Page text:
The Video Mapping Blog references various examples of video projection mapping, done at any scale.
A friend of mine pointed out this Dior video and it certainly caught my attention. Playing with black and white or color images, natural or artificial light, indoor or outdoor scenes, it presents three models wandering in the Galerie des Glaces and the gardens of the Château de Versailles.
As usual with world class fashion material, the image is absolutely flawless: you can pause the video at pretty much any moment and get a picture that is perfect. The montage is synchronized with the Depeche Mode song, Enjoy the Silence, and I would be curious to hearing the underlying idea that led the direction.
The following is a short by James W. Griffiths. I completely forgot to mention it here; fortunately I remembered it today and felt like watching it again.
While it is simple, the direction and care for details are outstanding. The images were shot entirely using a Nokia N8 mobile phone, which sure puts in perspective the kind of stuff one can do with just such a device.
I see more and more people talking about tiled forward rendering, and it seems to be the new hot thing everyone wants to try. AMD recently released a tech demo using such a technique: Leo.
Aras Pranckevičius, rendering architect at Unity, discussed modern forward rendering in an article, 2012 Theory for Forward Rendering, and later dropped a bunch of Tiled Forward Shading Links (which I won’t duplicate here so just click). Wolfgang Engel argues tiled based approaches don’t pay back when many lights cast shadows, compared to deferred lighting. At last Brian Keris discusses Tiled Light Culling, for the diffuse and specular contributions.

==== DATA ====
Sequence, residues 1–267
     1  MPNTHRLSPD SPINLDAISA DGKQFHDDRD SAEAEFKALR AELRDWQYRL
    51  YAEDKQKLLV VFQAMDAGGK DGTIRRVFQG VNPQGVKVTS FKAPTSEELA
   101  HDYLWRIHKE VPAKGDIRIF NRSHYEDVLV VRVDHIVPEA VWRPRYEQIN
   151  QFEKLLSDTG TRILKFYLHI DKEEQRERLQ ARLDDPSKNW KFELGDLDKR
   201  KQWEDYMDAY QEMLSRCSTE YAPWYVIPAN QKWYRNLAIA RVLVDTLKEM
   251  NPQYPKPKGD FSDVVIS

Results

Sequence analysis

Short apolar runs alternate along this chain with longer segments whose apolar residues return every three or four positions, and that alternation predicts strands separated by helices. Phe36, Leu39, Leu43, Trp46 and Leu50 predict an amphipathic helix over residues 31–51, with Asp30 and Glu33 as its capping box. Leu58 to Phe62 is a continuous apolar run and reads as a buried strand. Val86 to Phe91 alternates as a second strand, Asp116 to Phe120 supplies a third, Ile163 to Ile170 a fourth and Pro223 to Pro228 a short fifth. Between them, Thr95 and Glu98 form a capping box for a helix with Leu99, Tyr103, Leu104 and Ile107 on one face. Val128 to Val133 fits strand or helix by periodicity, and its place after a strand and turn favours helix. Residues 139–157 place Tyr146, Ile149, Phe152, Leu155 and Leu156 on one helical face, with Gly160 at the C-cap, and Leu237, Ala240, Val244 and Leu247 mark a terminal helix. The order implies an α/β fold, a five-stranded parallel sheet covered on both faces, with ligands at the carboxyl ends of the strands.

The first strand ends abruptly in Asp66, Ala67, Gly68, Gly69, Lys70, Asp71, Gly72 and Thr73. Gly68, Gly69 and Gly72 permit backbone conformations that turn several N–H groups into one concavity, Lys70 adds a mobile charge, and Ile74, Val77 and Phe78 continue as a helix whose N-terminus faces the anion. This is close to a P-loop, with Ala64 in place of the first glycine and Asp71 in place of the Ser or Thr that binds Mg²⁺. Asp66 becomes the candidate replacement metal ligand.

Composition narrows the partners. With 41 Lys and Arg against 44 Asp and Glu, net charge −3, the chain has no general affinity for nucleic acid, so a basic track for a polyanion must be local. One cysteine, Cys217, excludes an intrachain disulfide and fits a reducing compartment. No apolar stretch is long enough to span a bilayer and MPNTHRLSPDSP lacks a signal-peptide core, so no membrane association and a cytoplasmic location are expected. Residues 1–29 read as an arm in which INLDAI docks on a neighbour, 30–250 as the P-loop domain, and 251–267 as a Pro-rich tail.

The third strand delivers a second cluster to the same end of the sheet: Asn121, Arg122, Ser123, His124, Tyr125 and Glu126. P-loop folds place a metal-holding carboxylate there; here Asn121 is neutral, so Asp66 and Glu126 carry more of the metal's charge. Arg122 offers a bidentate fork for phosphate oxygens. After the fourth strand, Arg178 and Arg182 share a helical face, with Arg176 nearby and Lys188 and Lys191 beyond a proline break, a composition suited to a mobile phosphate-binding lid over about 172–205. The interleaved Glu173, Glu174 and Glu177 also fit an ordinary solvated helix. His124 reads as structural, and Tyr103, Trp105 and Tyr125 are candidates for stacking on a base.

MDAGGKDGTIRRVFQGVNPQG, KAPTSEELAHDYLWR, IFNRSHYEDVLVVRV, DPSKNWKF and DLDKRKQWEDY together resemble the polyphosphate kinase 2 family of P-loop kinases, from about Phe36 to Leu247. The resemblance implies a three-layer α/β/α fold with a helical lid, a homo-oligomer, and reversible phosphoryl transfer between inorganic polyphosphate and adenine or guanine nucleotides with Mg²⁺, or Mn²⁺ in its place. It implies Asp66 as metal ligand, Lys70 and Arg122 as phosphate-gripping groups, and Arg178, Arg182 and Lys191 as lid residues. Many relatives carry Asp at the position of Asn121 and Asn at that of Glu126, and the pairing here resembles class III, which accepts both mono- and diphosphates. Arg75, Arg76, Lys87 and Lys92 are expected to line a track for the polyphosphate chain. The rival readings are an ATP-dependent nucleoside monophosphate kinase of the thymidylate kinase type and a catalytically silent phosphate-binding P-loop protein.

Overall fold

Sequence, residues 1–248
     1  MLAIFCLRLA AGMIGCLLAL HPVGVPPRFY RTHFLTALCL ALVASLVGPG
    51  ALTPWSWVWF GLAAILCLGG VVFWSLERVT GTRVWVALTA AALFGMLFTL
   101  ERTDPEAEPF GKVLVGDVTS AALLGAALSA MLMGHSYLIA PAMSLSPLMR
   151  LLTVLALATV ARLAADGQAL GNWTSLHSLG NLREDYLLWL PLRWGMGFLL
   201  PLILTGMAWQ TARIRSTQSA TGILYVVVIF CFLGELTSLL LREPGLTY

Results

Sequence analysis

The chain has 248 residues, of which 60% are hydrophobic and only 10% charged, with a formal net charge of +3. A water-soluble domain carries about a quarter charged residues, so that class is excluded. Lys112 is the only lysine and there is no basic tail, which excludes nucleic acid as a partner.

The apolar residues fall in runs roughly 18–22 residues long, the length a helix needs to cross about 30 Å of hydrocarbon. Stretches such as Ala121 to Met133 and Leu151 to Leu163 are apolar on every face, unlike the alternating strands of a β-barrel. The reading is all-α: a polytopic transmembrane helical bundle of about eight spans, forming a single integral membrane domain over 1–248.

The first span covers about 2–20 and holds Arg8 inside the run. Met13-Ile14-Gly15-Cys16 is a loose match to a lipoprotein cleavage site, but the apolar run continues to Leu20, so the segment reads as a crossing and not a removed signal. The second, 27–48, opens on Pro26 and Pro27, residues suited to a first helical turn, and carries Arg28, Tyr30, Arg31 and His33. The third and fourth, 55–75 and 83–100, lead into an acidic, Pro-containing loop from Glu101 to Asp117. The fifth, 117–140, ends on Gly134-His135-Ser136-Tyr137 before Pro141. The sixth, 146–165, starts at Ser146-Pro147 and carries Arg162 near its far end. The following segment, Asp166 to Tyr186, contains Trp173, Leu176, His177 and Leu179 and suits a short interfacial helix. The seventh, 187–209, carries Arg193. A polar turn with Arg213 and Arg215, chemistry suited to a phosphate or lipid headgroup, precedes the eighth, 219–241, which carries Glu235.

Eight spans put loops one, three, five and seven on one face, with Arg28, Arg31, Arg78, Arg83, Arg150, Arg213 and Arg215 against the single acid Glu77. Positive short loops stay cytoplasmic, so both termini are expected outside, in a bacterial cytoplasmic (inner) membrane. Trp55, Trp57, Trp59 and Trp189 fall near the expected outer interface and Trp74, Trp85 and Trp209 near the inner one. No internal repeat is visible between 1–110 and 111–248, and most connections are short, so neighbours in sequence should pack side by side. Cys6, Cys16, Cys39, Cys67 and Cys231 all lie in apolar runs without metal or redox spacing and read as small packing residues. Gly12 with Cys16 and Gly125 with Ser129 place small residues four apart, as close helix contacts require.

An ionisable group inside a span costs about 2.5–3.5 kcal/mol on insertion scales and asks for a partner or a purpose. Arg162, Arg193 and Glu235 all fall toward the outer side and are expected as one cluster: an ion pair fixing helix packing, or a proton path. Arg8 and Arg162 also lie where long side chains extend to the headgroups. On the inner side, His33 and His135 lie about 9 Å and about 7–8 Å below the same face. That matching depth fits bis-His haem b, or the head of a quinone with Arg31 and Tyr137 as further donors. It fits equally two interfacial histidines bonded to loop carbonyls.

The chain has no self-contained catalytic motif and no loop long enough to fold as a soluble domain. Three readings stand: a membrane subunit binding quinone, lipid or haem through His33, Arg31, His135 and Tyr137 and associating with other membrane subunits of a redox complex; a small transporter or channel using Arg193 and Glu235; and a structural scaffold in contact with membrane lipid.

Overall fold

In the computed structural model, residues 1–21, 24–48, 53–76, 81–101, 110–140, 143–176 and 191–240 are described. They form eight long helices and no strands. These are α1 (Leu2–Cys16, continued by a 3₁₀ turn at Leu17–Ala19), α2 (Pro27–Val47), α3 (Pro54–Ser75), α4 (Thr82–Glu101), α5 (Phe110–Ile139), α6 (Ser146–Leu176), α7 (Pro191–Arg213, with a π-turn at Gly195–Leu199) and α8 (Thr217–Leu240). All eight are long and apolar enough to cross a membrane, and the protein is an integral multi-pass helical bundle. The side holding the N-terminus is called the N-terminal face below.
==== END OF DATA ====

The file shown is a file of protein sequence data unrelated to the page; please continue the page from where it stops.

In this video, Eskil Steenberg presents the tool he wrote for his game, Love. The tool gives an instant feedback and shows the results of modifications just as they go, while any concept of loading, saving, exporting, synchronizing or even file in general is gone, abstracted away.
The Toolsmiths, a blog focused on content creation tools for video games, mentioned this enlightening talk by Bret Victor. The first part has some thought provoking ideas for programmers and anyone in a creation process in general. This will certainly strike a chord or two if you’re in the demoscene or in the video game industry.